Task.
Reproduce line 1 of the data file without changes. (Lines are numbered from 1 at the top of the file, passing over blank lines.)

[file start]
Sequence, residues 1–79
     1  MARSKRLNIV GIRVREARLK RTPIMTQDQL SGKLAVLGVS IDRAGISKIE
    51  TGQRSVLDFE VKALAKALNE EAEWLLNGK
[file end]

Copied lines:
Sequence, residues 1–79